Myth #1: It’s never a real person reading you CV
It’s a common misconception in our digital age that when you apply for a job listing through an online platform, one that requires you to upload a digital copy of your resume, that a real person won’t be reviewing it.
This is simply untrue.
While yes, applicant tracking systems are a primary tool used to skim your CV for keywords related to the role you’re applying for, both recruiters and employers will still read your CV if they’re at all interested in your application.
As a result of this misconception, however, job seekers end up cramming loads of keywords into their CVs, making them repetitive and unoriginal - and recruiters bored and unimpressed - meaning you never move to the next stage.
Myth #2: Having one great CV will work for all applications
We hate to break it to you, but sending the exact same CV to all job listings won’t ever get you the job you’re looking for. It’s not a ‘one size fits all’ kind of thing.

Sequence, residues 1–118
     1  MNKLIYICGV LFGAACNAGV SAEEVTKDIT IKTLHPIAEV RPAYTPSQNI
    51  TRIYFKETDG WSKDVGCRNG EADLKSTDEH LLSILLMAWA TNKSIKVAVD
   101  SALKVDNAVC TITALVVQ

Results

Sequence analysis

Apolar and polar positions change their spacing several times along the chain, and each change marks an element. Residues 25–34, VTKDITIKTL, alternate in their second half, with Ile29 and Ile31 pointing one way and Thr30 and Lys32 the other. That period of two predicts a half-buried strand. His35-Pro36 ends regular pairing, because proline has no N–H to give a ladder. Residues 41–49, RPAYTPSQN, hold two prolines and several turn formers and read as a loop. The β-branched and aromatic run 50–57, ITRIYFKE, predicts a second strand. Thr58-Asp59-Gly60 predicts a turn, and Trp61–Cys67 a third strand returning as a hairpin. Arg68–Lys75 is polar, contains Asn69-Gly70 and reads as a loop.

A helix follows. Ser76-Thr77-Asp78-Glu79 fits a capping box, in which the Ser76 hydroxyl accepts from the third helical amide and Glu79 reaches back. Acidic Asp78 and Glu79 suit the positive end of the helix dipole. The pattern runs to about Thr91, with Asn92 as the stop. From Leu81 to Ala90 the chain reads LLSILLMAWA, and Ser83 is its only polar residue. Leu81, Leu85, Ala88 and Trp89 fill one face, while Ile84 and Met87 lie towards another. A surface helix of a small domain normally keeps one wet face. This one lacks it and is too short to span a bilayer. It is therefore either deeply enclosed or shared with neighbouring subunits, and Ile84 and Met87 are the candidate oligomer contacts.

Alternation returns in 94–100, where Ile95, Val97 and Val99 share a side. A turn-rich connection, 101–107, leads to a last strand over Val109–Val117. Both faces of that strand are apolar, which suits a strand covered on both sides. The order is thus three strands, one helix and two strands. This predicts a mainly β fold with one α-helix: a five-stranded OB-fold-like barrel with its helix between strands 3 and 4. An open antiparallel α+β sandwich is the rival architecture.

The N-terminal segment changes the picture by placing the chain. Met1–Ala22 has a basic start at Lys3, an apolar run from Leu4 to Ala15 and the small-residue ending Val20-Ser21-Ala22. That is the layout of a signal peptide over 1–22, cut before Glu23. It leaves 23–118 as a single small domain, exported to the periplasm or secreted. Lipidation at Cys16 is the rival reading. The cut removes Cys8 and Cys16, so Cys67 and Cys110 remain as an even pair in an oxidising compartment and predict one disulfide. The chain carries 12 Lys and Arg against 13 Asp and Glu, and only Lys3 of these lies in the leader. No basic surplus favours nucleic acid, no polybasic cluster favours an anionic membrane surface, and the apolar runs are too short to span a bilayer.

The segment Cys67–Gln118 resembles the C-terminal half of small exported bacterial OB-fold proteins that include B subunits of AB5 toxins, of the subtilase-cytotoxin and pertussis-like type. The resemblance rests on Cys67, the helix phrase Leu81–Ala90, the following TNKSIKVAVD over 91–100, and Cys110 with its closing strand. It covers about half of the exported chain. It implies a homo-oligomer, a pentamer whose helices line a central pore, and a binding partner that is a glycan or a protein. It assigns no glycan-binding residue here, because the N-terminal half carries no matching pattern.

Each job listing has its own specifications and requirements that are expected from the right candidate. Therefore, it’s imperative that you spend some time researching both the role and the company you’re applying to, as well as adjusting your CV to fit the requirements of the job description.
According to Forbes, payment processing expert at Payment Depot, Chris Waltenbaugh, states, “For me, the resumes that stand out are the ones that show the person has taken time to think about the position in which they’re applying and carefully crafted a document that demonstrates their understanding and what’s unique about them that will bring value to the job.”
That said, recruiters are trained to quickly scan and filter through CVs to identify which candidates are truly interested and passionate about the role and who is just sending their CV to any organisation in hopes that they’ll get hired.
Take it from us - and Chris: your chances of securing a job will drastically increase if you focus on perfecting your CV for two or three different job listings (with the relevant keywords) rather than sending the same CV to ten or fifteen job listings.
No two jobs are the same, so no two applications should be either.